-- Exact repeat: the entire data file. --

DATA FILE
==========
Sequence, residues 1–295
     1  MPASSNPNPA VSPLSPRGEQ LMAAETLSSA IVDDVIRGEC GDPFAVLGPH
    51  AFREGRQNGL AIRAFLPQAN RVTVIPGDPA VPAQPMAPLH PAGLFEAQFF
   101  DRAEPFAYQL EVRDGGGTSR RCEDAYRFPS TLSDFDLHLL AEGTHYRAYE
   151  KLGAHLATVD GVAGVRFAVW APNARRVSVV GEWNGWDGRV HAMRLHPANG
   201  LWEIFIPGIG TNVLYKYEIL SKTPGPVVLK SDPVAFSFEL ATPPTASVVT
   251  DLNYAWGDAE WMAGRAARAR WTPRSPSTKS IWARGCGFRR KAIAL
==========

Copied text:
Sequence, residues 1–295
     1  MPASSNPNPA VSPLSPRGEQ LMAAETLSSA IVDDVIRGEC GDPFAVLGPH
    51  AFREGRQNGL AIRAFLPQAN RVTVIPGDPA VPAQPMAPLH PAGLFEAQFF
   101  DRAEPFAYQL EVRDGGGTSR RCEDAYRFPS TLSDFDLHLL AEGTHYRAYE
   151  KLGAHLATVD GVAGVRFAVW APNARRVSVV GEWNGWDGRV HAMRLHPANG
   201  LWEIFIPGIG TNVLYKYEIL SKTPGPVVLK SDPVAFSFEL ATPPTASVVT
   251  DLNYAWGDAE WMAGRAARAR WTPRSPSTKS IWARGCGFRR KAIAL